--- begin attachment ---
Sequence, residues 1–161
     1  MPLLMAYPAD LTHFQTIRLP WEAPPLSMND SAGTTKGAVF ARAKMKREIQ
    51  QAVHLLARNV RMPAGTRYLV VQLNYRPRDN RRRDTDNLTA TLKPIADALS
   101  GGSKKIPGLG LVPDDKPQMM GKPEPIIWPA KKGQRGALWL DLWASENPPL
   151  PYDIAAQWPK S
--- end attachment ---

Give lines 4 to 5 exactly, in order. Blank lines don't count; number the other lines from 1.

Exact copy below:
   101  GGSKKIPGLG LVPDDKPQMM GKPEPIIWPA KKGQRGALWL DLWASENPPL
   151  PYDIAAQWPK S